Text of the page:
The research began in 2013 when Clarke, a paleontologist, discovered a syrinx in a fossil of a duck-like bird that lived during the Late Cretaceous in what is now Antarctica. The specimen is the oldest syrinx discovered. But when she tried to compare the fossil syrinx with the syrinxes of modern birds, she found the scientific literature was lacking. Many of the studies dated from the 19th century, before the advent of modern scientific imaging, or quoted claims from those older studies that were done without double-checking them.


Credit: University of Texas Jackson School of the Geosciences

This set Clarke on a mission to modernize and maximize syrinx data collection.

“We had this new three-dimensional structure, but we had nothing to compare it to,” said Clarke, describing CT image data of the fossil syrinx. “So we started generating data that hadn’t existed before about the structure of the syrinx in many different groups of birds.”

Over the years, Clarke and members of her laboratory have developed new methods for dissecting, preserving and CT scanning syrinxes, allowing the syrinx to be visualized in greater detail. This improved look at the vocal organ of the ostrich and hummingbird has shown that bird behavior may be as important as the syrinx when it comes to the repertoire of sounds these birds produce.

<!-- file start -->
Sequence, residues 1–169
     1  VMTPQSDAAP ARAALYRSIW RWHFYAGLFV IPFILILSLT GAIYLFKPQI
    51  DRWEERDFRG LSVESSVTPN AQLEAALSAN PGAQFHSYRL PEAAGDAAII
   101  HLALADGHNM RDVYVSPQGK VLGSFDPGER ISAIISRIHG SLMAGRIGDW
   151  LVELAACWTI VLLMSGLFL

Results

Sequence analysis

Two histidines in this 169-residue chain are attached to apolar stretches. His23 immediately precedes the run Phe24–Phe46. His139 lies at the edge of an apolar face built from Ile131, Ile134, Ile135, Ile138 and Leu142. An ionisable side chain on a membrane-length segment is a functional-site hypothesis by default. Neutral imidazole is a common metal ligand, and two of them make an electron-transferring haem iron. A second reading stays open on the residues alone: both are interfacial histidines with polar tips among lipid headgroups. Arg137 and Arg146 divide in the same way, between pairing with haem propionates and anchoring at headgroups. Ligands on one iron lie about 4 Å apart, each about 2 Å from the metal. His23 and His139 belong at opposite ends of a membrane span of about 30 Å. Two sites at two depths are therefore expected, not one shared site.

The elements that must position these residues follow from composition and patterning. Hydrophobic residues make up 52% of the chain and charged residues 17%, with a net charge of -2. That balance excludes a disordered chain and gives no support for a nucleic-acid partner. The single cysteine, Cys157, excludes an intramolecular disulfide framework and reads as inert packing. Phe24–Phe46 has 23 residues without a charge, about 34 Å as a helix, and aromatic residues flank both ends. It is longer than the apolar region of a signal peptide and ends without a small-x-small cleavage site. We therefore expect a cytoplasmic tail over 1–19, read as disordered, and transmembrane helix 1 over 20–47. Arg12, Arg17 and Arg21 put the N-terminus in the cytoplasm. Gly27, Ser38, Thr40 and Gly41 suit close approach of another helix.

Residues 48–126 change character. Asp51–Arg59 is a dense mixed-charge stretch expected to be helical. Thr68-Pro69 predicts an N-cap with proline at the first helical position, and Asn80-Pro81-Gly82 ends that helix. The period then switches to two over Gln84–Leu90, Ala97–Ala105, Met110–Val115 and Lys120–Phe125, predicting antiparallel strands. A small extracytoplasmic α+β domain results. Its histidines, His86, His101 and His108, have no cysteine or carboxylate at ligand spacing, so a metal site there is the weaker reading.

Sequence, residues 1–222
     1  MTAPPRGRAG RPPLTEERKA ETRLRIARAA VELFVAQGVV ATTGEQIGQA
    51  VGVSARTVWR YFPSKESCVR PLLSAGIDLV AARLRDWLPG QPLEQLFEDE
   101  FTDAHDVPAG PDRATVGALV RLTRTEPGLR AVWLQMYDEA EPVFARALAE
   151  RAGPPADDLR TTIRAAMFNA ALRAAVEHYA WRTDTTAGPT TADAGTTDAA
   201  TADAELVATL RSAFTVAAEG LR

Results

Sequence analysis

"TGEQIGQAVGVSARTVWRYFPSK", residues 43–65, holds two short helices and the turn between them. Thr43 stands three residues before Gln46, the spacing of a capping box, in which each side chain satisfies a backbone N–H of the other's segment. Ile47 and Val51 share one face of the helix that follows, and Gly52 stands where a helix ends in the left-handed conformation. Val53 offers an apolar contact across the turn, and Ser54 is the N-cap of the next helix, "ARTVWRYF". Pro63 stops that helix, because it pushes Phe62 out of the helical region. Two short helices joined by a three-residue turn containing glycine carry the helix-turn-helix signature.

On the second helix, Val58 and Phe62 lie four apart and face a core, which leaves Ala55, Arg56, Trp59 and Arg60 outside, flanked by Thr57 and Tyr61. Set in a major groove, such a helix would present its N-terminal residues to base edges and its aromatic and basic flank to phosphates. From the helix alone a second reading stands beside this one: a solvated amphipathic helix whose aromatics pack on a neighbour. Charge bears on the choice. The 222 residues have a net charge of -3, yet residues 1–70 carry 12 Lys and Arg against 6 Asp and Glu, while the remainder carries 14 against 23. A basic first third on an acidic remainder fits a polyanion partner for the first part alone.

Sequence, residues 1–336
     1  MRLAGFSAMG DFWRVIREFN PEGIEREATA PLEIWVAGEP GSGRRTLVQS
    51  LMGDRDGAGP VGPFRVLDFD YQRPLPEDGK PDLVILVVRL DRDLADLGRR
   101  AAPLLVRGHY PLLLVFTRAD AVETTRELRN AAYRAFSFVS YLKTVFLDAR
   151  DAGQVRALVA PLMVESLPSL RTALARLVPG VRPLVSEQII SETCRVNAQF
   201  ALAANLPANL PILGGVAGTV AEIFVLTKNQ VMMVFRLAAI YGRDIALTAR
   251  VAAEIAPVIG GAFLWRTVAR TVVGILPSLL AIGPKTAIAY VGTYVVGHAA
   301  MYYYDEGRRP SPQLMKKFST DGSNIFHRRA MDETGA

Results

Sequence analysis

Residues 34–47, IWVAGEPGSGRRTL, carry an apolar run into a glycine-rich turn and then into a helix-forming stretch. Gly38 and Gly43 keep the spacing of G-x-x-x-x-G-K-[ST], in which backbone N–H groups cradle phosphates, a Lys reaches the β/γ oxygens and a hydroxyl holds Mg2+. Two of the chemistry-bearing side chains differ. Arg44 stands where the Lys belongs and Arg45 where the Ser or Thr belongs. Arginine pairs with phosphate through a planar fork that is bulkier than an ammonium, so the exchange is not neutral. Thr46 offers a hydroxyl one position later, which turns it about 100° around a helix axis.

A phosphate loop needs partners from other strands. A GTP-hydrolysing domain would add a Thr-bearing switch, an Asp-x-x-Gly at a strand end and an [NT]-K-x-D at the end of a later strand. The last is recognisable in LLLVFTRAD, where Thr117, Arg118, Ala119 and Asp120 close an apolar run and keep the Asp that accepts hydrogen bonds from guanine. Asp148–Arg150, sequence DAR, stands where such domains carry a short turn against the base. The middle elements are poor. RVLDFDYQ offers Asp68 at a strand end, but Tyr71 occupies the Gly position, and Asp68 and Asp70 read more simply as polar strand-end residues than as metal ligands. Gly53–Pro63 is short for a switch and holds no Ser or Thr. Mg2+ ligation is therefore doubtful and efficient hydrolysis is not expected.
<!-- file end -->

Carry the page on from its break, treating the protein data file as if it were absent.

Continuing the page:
For example, in the study of the ostrich syrinx, in the Journal of Anatomythe researchers found no significant differences in the anatomy of the syrinx between adult male and female birds (previous studies focused only on male ostriches). Although both sexes have the same vocal equipment, male ostriches tended to make a wider variety of sounds than female ostriches. ostriches, where the sounds are often associated with aggressive behavior between noisy males.


Researchers from the Clarke Lab at the University of Texas at Austin record ostrich sounds on a Texas farm. Carlos Antonio Rodriguez-Saltos (left) holds recording equipment as Michael Chiappone takes photos. Credit: Michael Chiappone

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Researchers from the Clarke Lab at the University of Texas at Austin record ostrich sounds on a Texas farm. Carlos Antonio Rodriguez-Saltos (left) holds recording equipment as Michael Chiappone takes photos. Credit: Michael Chiappone